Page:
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Hoffmann, R. A wiki for the life sciences where authorship matters. Nature Genetics (2008)
 
 
 
 
 

Exercise-induced pulmonary vasoconstriction during combined blockade of nitric oxide synthase and beta adrenergic receptors.

We studied the effects of inhibition of nitric oxide (NO) (endothelium-derived relaxation factor) synthase in combination with alpha and beta adrenergic receptor blockade on pulmonary vascular tone during exercise. In paired studies, we exercised sheep on a treadmill at a speed of 4 mph, and measured blood flow and pressures across the pulmonary circulation with and without inhibition of NO synthase (N omega-nitro-L-arginine 20 mg/kg intravenous [i.v.]), alpha receptor blockade (phentolamine 5 mg i.v.), beta receptor blockade (propranolol 1 mg i.v.), and combined alpha and beta receptor blockade. Activation of both types of adrenergic receptors occurs with exercise, and because increased release in NO is hypothesized to occur during exercise, these studies were designed to determine the magnitude of effect and interactions of these competing dilator and constrictor influences. We found that inhibition of NO synthase raised pulmonary vascular resistance (PVR) at rest and that, although a reduction in PVR occurred with exercise from this new baseline, vasoconstriction persisted. Combined beta blockade and NO synthase inhibition unmasked unopposed alpha vasoconstriction; PVR rose at rest and continued to rise with exercise; and mean pulmonary arterial pressures approached very high levels, 43.8 +/- 4.4 cmH2O. Using a distal wedged pulmonary artery catheter technique, most of the vasoconstriction was found to be in vessels upstream from small pulmonary veins. During exercise in sheep there appears to be a high degree of alpha and beta adrenergic-mediated tone in the pulmonary circulation. Endogenous production of NO actively dilates pulmonary vessels at rest and opposes potent alpha-mediated pulmonary vasoconstriction during exercise.[1]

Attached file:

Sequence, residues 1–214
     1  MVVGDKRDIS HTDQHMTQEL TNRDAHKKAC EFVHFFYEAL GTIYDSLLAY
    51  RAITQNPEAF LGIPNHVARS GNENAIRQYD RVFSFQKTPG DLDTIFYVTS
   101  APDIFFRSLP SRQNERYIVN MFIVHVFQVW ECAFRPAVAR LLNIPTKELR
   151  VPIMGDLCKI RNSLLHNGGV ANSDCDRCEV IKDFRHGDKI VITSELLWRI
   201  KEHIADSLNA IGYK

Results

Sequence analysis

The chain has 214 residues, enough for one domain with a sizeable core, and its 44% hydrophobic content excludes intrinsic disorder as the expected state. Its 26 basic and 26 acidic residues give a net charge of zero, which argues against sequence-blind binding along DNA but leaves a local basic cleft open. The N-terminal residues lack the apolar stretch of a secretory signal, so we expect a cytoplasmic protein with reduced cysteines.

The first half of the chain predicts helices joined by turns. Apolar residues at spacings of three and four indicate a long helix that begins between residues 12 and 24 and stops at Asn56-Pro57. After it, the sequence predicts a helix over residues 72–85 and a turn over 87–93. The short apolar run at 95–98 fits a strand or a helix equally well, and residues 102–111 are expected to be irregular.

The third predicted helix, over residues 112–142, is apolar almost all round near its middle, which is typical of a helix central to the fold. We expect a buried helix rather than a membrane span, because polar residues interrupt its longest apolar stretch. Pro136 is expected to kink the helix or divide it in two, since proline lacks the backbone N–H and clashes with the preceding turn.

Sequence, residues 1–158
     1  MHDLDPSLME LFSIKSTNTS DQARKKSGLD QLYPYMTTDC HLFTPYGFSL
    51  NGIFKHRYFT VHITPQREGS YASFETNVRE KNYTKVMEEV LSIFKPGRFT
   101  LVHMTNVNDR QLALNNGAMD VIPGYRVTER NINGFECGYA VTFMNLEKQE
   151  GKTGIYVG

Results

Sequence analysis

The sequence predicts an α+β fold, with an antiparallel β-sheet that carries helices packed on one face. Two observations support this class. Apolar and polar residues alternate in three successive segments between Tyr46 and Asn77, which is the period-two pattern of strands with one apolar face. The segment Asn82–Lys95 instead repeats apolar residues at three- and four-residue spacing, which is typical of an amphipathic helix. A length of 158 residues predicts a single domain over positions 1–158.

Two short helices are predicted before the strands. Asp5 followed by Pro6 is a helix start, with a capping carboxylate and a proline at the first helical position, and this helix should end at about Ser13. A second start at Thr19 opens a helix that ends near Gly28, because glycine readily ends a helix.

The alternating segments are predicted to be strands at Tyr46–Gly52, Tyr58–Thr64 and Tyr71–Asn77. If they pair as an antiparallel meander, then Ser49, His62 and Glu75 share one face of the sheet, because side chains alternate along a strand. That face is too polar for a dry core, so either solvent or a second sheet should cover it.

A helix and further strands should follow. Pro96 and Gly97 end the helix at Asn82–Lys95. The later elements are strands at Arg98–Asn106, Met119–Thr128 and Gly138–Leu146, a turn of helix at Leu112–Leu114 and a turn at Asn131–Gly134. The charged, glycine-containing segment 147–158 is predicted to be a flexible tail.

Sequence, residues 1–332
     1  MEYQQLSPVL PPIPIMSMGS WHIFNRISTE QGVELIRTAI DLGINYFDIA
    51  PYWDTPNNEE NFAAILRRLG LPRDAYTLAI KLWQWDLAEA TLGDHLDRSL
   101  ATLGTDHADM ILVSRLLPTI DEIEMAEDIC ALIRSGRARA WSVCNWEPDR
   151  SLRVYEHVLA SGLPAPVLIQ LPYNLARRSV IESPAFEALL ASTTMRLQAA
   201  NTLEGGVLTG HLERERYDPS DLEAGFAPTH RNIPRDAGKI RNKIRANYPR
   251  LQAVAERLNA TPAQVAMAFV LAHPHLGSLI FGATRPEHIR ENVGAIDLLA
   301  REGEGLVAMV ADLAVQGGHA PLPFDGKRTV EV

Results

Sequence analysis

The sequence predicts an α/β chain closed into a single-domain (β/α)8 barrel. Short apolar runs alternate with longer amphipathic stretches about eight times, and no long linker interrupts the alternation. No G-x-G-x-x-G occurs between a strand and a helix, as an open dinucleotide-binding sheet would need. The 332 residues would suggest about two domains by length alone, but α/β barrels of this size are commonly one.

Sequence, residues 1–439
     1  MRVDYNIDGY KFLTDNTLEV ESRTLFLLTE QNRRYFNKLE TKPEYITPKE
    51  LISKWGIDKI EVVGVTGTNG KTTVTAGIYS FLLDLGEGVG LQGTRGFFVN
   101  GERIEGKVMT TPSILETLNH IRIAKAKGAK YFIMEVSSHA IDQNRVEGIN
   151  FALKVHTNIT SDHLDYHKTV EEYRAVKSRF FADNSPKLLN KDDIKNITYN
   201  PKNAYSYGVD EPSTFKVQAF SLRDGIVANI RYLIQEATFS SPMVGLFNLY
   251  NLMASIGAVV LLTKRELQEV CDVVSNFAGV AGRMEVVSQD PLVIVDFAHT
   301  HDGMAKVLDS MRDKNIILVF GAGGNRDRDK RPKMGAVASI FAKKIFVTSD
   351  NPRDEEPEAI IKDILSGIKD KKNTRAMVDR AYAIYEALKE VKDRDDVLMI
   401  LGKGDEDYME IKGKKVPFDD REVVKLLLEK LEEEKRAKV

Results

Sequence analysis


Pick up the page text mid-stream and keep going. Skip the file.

References

  1. Exercise-induced pulmonary vasoconstriction during combined blockade of nitric oxide synthase and beta adrenergic receptors. Kane, D.W., Tesauro, T., Koizumi, T., Gupta, R., Newman, J.H. J. Clin. Invest. (1994) [Pubmed]
 
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